UN stresses gender-sensitive approach in response to Hurricane Beryl — Global Issues


The response planunveiled on Tuesday, estimates initial requirements at $9 million and aims to support about 43,000 people in Grenada and St. Vincent and the Grenadines. These estimates are subject to change as detailed assessments are underway.

The plan aims to provide life-saving multi-sectoral assistance, complementing government efforts, while ensuring the protection of women, girls and other vulnerable groups from gender-based violence.

It will also support the rapid delivery and resumption of essential services and livelihoods in affected areas, including restoring health, water and sanitation, education and agricultural services.

Gender sensitivity is crucial

The plan emphasizes that gender sensitivity will be crucial in needs assessments, and in

the response, as both countries have a significant percentage of female-headed households.

Nearly half of all households in Grenada and 39 percent in Saint Vincent and the Grenadines are headed by women.

The region also has high levels of violence against women and girls, with nearly 39 percent of women in Grenada having experienced violence in a relationship.

Reaction phases

The initial humanitarian response is expected to take place in two main phases that may overlap in practice, depending on the situation on the ground. This approach will ensure that immediate needs are met while laying the foundation for long-term recovery.

In the short term, humanitarian organisations will work rapidly to expand the scope and scale of relief efforts. This includes rapid assessments, scaling up deliveries, restoring key sectors such as health, water and sanitation, and addressing protection risks.

The focus will then shift to helping people get their lives back on track. This phase would include recovery and reconstruction, restoring livelihoods, building resilience and transitioning to longer-term activities.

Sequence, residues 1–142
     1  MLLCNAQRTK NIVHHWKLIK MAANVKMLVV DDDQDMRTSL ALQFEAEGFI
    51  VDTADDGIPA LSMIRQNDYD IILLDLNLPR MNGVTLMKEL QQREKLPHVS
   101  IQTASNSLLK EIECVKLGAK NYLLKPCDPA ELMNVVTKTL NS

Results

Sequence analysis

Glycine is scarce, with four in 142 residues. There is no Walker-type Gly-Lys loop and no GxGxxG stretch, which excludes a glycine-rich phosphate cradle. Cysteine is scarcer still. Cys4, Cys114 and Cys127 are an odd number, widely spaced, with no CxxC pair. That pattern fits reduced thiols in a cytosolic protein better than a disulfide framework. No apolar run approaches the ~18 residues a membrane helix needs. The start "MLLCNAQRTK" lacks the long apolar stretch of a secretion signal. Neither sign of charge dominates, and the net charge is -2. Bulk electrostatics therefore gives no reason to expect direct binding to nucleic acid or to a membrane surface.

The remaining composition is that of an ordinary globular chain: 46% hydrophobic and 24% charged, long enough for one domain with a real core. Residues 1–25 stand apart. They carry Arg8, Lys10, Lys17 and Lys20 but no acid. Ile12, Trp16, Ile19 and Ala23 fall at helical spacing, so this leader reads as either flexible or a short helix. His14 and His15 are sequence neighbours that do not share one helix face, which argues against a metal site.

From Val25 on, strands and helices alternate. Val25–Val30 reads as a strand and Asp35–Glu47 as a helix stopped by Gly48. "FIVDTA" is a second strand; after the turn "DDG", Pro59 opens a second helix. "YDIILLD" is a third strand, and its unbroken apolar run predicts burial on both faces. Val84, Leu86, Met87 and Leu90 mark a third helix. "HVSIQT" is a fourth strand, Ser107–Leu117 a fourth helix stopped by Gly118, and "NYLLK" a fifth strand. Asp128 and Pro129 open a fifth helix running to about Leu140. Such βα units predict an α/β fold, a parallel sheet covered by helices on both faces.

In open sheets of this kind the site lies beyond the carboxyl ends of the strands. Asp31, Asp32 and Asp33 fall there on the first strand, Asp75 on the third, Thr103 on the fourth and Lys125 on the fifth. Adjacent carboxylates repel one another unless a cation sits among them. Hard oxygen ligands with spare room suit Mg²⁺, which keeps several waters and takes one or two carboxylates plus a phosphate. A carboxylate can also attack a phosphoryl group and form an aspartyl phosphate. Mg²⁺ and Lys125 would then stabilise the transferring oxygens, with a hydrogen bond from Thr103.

International solidarity

To kick-start the response, the UN Secretary-General last week allocated $4 million from the organization Central Emergency Aid Fund (CERF), including $1.5 million for Grenada and Saint Vincent and the Grenadines.

According to the UN Office for the Coordination of Humanitarian Affairs (OCHA), Canada announced $1 million in aid, which will be distributed through UN agencies and the Red Cross. It is also supporting the Caribbean Disaster Emergency Management Agency (CDEMA).

OCHA also urged interested individual donors to make financial contributions to reputable charities or aid organisations and to refrain from in-kind donations, as these may not match identified needs or meet required quality standards. This could create administrative burdens and undermine local markets.

Contributions can also be made to CERF, the OCHA-UNDP Connecting Business Initiative (CBi), or by supporting public advocacy and outreach. Support or contribution can be reported online to the Financial tracking service to ensure consistency and minimize duplication.

A family stands in front of their home damaged by Hurricane Beryl in St. Andrews, Grenada.

© UNICEF/Sam Ogilvie

A family stands in front of their home damaged by Hurricane Beryl in St. Andrews, Grenada.

Strongest hurricane ever in June

Hurricane Beryl was the strongest hurricane in history that emerged in the Atlantic Ocean in June.

Initially a tropical depression, the storm quickly intensified to a Category 4 storm and briefly reached Category 5 status, with winds of up to 240 km/h (150 mph).

UN World Meteorological Organization (WMO) experts have warned of a “very intense” hurricane season this year, with near-record ocean temperatures and the shift to La Niña conditions.

The agency has predicted that 25 named storms are expected through November, with eight to 13 of those potentially developing into hurricanes.

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